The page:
The General Assembly continues with further informational sessions October 10 and 11 before moving on to members' assembly meetings October 12 and 13, at which a variety of different resolutions will be debated and voted on. The FSC and GA structure maintains the balance of voting power among different interests, ensuring effective, consensus-based solutions for forest management and the trade of forest products.
Commerce commission update on Daiken/DongwhaStatement of Preliminary Issues released for Daiken/Dongwha - The Commerce Commission has published a statement of preliminary issues relating to the proposed acquisition of Dongwha New Zealand Limited by Daiken New Zealand Limited.
The statement outlines the main issues the Commission considers important in deciding whether or not to grant clearance to the proposed merger.
The Commission invites submissions from those who consider they have information relevant to our consideration of the proposed merger. Submissions can be sent by email to email@example.com with the reference Daiken/Dongwha in the subject line. Any submissions should be received by close of business on Thursday 2 November 2017.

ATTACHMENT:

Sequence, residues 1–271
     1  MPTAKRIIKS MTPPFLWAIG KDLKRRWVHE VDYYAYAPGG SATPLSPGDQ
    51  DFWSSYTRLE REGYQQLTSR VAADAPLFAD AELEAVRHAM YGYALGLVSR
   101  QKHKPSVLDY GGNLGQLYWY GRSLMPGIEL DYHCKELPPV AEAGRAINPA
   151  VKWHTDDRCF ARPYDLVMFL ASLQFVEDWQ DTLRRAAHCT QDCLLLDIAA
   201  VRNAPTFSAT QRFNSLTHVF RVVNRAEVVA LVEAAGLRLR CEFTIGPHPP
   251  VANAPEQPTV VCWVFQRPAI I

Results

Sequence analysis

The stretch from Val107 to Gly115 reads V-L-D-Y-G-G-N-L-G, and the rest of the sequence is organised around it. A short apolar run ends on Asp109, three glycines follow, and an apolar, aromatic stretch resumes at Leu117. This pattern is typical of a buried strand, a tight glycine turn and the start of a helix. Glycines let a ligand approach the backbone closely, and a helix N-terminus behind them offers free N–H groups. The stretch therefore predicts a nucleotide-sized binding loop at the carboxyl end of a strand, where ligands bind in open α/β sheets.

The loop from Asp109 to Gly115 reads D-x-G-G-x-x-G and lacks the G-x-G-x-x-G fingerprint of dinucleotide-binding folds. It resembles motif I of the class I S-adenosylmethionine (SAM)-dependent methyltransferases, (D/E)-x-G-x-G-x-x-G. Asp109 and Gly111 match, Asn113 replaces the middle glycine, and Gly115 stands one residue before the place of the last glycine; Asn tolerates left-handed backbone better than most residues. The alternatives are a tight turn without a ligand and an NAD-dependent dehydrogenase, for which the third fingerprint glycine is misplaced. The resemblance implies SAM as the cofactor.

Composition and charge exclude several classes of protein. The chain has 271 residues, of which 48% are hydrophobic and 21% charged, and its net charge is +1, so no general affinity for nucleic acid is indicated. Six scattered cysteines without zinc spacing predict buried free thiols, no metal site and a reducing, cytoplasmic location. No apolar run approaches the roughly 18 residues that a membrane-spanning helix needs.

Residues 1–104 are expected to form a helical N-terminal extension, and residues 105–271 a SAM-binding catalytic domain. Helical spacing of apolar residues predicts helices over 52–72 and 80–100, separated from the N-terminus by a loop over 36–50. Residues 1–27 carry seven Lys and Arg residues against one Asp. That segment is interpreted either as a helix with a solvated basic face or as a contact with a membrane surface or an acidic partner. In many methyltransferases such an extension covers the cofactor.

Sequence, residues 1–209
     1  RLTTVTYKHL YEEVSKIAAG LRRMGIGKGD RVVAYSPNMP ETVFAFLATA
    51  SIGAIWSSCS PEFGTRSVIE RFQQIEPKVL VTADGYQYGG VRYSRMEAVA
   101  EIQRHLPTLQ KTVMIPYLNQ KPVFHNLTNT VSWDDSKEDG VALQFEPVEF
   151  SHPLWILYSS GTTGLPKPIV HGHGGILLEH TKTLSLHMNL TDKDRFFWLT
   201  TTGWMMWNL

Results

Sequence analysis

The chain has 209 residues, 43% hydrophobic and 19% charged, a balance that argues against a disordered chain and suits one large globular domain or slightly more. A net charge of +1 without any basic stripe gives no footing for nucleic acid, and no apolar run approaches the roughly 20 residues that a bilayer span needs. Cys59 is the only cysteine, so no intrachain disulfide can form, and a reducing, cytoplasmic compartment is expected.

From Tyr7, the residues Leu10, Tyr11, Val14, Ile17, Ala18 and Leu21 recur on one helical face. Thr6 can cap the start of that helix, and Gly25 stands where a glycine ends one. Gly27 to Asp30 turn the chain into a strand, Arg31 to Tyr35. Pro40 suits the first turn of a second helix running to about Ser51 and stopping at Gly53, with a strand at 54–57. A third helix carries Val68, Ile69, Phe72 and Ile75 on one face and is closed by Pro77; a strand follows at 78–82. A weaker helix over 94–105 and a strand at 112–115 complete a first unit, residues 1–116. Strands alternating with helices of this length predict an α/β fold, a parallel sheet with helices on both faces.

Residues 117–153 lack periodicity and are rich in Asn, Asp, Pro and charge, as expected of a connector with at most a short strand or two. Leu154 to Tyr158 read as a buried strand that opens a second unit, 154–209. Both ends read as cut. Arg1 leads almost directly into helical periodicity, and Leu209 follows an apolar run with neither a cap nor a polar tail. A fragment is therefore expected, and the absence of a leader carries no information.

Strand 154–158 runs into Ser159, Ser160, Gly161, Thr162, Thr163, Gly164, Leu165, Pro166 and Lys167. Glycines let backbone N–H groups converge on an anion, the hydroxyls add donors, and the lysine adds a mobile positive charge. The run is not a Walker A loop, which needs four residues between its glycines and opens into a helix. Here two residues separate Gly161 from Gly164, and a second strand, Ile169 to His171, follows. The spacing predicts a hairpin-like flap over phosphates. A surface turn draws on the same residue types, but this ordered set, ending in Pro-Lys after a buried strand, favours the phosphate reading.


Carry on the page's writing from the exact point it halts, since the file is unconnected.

The Commission is currently scheduled to make a decision on the application by 30 November 2017. However, this date may be extended as the investigation progresses, and in particular, if we need to test and consider the issues identified further.
The statement of preliminary issues and public version of the application can be found on the clearances page.
Background - Daiken is the New Zealand subsidiary of Daiken Corporation, a Japanese company specialising in the manufacture and supply of wood-based construction materials. In New Zealand, Daiken manufactures and supplies medium density fibreboard (MDF) from a plant it operates in North Canterbury.
Dongwha is 80% owned by Dongwha International Co., Limited (a company incorporated in Hong Kong) and 20% owned by Laminex Group (N.Z.) Limited. In New Zealand, Dongwha manufactures and supplies MDF from a plant it operates in Southland. Its minority shareholder, Laminex (which is part of Fletcher Building Products Limited), purchases MDF from Dongwha for its own wood products business in New Zealand. Laminex also on-sells some of the MDF it purchases from Dongwha to other parties.
Documenting Taitokerau Forests successA Maori development company with a one-off, 30-year forest rotation under its belt is basking in outstanding success but shutting up shop at the same time.
Last Friday, Taitokerau Forest Ltd (TFL) directors released a mission-accomplished report about the company set up in 1986 to enable Northland Maori landowners to develop forestry.
TFL chairman Rawson Wright then led a discussion about where-to-from-here for the scheme that provided sustainable land use and incomes in remote corners of Northland where otherwise there was little opportunity.